Cen­tury City now a prop­erty leader in the 21st cen­tury

Weekend Argus (Saturday Edition) - - PROPERTY - PHIL OAKES

IN 1997 it was just a 250 hectare patch of waste­land – another eye­sore along­side the N1, but 20 years later it is home to one of Cape Town’s most prized pieces of real es­tate.

Wel­come to Cen­tury City, a city within a city, which of­fers res­i­dents a live- work- play en­vi­ron­ment with­out hav­ing to get into a car. It is what is known in de­vel­op­ment lingo as “new ur­ban­ism”.

Ac­cord­ing to Cen­tury City’s web­site, the site had been owned by Ilco Homes, which had started de­vel­op­ing en­trylevel hous­ing on a neigh­bour­ing site un­til it ran into fi­nan­cial dif­fi­cul­ties.

That’s when de­vel­oper Monex, headed up by Martin Wragge, stepped in. Wragge is cred­ited with tak­ing Cen­tury City into, well, the 21st cen­tury by re­al­is­ing it needed to be re­zoned from “res­i­den­tial” to “mixed-use” de­vel­op­ments.

He un­der­stood that the mas­sive in­fra­struc­ture re­quired could not be sus­tained by hous­ing alone.

Cen­tury City was in the zone. With the mixed-use zones in place, the first sods were turned in 1997, with the first res­i­den­tial de­vel­op­ment com­ing on stream in 2006.

More than half of Cen­tury City is oc­cu­pied by kilo­me­tres of canals, In­taka Is­land Na­ture Re­serve, as well as Cen­tral Park and com­mer­cial prop­er­ties.

The re­main­ing land holds about 4 000 res­i­den­tial prop­er­ties and 500 busi­nesses, with about 60 000 peo­ple liv­ing and work­ing here (and a grow­ing num­ber do­ing both), and a fur­ther 21 mil­lion vis­i­tors a year to Canal Walk Shop­ping Cen­tre.

It’s lit­tle won­der that in 2017, es­tate agents de­scribe Cen­tury City as an “in­vestor’s par­adise” and “highly de­sir­able”.

It wasn’t al­ways seen as de­sir­able though. In 1997, many peo­ple thought the plan was too am­bi­tious. In­deed, by all ac­counts, the first few years were tough, but soon cor­po­rates started to re­alise that Cen­tury City had po­ten­tial. It didn’t take too long be­fore the big cor­po­rate guns, in­clud­ing Price­wa­ter­House­Coop­ers, Vo­da­com, the Louis Group, SAPS, Unisys and Busi­ness Con­nexion, bought into the dream.

In 1998, Ratanga Junc­tion was opened, fol­lowed two years later by Canal Walk Shop­ping Cen­tre. Scep­tics pre­dicted the shop­ping cen­tre wouldn’t work. They thought it was a white ele­phant that would tram­ple all over in­vestors’ nest eggs.

Ac­tu­ally, it was Ratanga Junc­tion that turned out to be ex­pen­sive to main­tain and in­curred heavy losses, even­tu­ally lead­ing to the demise of Monex. The theme park now runs on a sea­sonal ba­sis.

Canal Walk, though, has be­come one of the coun­try’s most pop­u­lar and suc­cess­ful shop­ping cen­tres – and a ma­jor cat­a­lyst for de­vel­op­ment with of­fices and res­i­den­tial de­vel­op­ments spring­ing up nearby.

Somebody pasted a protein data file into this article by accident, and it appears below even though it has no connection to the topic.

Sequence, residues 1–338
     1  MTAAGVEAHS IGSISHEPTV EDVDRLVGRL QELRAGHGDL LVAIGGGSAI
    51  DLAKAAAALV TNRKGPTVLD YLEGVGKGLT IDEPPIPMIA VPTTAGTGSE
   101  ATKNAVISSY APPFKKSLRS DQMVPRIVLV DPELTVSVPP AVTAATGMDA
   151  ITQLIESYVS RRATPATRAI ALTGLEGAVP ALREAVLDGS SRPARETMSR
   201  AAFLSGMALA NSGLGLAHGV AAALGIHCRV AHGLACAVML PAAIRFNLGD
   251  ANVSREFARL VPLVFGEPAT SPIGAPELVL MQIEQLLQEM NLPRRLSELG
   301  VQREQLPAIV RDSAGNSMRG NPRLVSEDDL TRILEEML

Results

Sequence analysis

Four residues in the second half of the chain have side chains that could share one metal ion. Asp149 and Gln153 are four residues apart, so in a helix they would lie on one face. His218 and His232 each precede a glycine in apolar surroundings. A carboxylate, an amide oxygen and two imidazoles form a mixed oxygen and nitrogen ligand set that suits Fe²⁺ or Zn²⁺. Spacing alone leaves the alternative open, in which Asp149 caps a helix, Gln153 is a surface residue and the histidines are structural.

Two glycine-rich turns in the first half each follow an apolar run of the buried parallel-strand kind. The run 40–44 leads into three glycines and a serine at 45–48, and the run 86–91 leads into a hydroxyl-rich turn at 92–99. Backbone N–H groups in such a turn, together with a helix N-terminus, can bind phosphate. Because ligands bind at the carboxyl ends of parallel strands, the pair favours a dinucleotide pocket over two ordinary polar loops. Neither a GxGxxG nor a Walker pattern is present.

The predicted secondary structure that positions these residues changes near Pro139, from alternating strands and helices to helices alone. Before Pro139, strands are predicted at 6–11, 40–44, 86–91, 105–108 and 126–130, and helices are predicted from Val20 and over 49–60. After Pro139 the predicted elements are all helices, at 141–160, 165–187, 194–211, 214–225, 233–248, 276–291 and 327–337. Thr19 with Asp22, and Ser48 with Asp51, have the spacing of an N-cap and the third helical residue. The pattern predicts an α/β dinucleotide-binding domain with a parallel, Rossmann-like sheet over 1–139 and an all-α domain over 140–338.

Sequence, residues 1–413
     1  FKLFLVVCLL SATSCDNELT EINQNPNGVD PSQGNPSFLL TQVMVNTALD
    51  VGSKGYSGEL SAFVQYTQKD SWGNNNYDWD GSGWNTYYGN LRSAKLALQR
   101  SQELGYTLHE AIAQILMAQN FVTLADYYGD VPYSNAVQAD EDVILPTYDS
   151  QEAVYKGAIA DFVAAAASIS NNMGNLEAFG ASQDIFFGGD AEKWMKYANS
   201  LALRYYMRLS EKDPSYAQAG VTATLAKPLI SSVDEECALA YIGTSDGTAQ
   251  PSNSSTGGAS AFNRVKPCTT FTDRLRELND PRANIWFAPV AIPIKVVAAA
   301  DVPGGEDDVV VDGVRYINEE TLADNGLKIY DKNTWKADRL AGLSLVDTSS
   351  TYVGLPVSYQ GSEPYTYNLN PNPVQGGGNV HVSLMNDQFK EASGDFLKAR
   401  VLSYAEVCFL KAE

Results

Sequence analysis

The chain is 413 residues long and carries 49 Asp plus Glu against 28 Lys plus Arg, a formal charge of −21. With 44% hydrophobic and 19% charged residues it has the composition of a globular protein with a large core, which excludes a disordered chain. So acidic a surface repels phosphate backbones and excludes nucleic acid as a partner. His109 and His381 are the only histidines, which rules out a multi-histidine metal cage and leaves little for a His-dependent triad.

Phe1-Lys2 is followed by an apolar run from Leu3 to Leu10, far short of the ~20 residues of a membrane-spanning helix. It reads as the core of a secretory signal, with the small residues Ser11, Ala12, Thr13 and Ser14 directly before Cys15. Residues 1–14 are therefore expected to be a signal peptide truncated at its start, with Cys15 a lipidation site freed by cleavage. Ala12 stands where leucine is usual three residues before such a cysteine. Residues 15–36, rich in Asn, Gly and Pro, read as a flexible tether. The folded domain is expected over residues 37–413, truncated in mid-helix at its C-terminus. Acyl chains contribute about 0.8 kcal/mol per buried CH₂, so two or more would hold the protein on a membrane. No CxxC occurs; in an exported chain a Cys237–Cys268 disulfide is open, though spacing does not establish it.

In 2004 the re­main­ing un­de­vel­oped land and as­so­ci­ated rights were ac­quired by the Ra­bie Prop­erty Group, with Cen­tury City’s de­vel­op­ment rights to­talling more than 1.25 mil­lion square me­tres.

One of Cen­tury City’s great­est at­trac­tions for peo­ple liv­ing and work­ing there is that it is safe, which is one of the rea­sons prop­erty prices have dou­bled in the past five years.

Pam Golding Prop­er­ties’ re­search in­di­cates that sec­tional ti­tle prices have in­creased steadily since the post-re­ces­sion slump in 2010.

Ac­cord­ing to the re­search, sec­tional ti­tle schemes com­prise two thirds of Cen­tury City’s prop­erty mar­ket. The re­search re­veals that the me­dian price of houses in the precinct has in­creased from R900 000 in 2006 to R3.3 mil­lion last year.

Ac­cord­ing to Pam Golding’s Bruce Camp­bell, the precinct of­fers a fresh start for buy­ers want­ing to live in the heart of a “city within a city”.

“Ac­com­mo­da­tion avail­able caters for the full buyer life cy­cle. There is some­thing for young cor­po­rates, first- time buy­ers, fam­i­lies and re­tirees. The de­sir­abil­ity of the Cen­tury City precinct, and its ex­cel­lent in­vest­ment re­turns, have en­sured there is con­stant move­ment within this prop­erty mar­ket,” he says.

Helga Clemo, man­ag­ing di­rec­tor for Se­eff Cen­tury City who has worked in the sub­urb for 11 years, says there were two main rea­sons for the ever-climb­ing prices of Cen­tury City’s prop­erty: firstly be­cause there is a short­age of avail­able land – lim­it­ing the ex­pan­sion of the sub­urb – and, se­condly, it is the ideal lo­ca­tion for res­i­dents.

“Be­sides the fact that Cen­tury City is cen­trally lo­cated with­out the over­crowd­ing of the CBD, has direct ac­cess to the N1 high­way and is just 15 min­utes away from the city cen­tre, Cape Town In­ter­na­tional Air­port and mul­ti­ple pop­u­lar beach lo­ca­tions, there will come a point when no new de­vel­op­ment will be pos­si­ble and this will lead to a de­crease in stock, mak­ing prop­erty even more sought af­ter.”

John Chap­man, a di­rec­tor of Ra­bie Prop­erty Group, says there were a num­ber of fac­tors that made Cen­tury City at­trac­tive to buy­ers and ten­ants.

“It’s lo­cal­ity at the cen­tre of the greater Cape Town metropole makes it eas­ily ac­ces­si­ble to all ar­eas. It is not be­dev­illed by crime and grime. It is a well-man­aged pri­vate es­tate, with ex­tremely high stan­dards of main­te­nance, clean­li­ness and se­cu­rity.”

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